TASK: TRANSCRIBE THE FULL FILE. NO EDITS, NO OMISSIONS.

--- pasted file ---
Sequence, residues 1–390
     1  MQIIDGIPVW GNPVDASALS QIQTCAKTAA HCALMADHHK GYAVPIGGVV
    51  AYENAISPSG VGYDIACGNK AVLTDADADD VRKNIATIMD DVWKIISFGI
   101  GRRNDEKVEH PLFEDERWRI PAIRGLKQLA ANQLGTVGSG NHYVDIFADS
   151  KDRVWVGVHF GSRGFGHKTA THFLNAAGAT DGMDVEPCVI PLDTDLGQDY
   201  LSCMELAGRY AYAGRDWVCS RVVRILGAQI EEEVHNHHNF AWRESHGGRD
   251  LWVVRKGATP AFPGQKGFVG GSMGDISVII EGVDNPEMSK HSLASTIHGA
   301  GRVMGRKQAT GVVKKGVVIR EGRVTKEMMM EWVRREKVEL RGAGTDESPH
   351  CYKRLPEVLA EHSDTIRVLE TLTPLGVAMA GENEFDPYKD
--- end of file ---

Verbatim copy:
Sequence, residues 1–390
     1  MQIIDGIPVW GNPVDASALS QIQTCAKTAA HCALMADHHK GYAVPIGGVV
    51  AYENAISPSG VGYDIACGNK AVLTDADADD VRKNIATIMD DVWKIISFGI
   101  GRRNDEKVEH PLFEDERWRI PAIRGLKQLA ANQLGTVGSG NHYVDIFADS
   151  KDRVWVGVHF GSRGFGHKTA THFLNAAGAT DGMDVEPCVI PLDTDLGQDY
   201  LSCMELAGRY AYAGRDWVCS RVVRILGAQI EEEVHNHHNF AWRESHGGRD
   251  LWVVRKGATP AFPGQKGFVG GSMGDISVII EGVDNPEMSK HSLASTIHGA
   301  GRVMGRKQAT GVVKKGVVIR EGRVTKEMMM EWVRREKVEL RGAGTDESPH
   351  CYKRLPEVLA EHSDTIRVLE TLTPLGVAMA GENEFDPYKD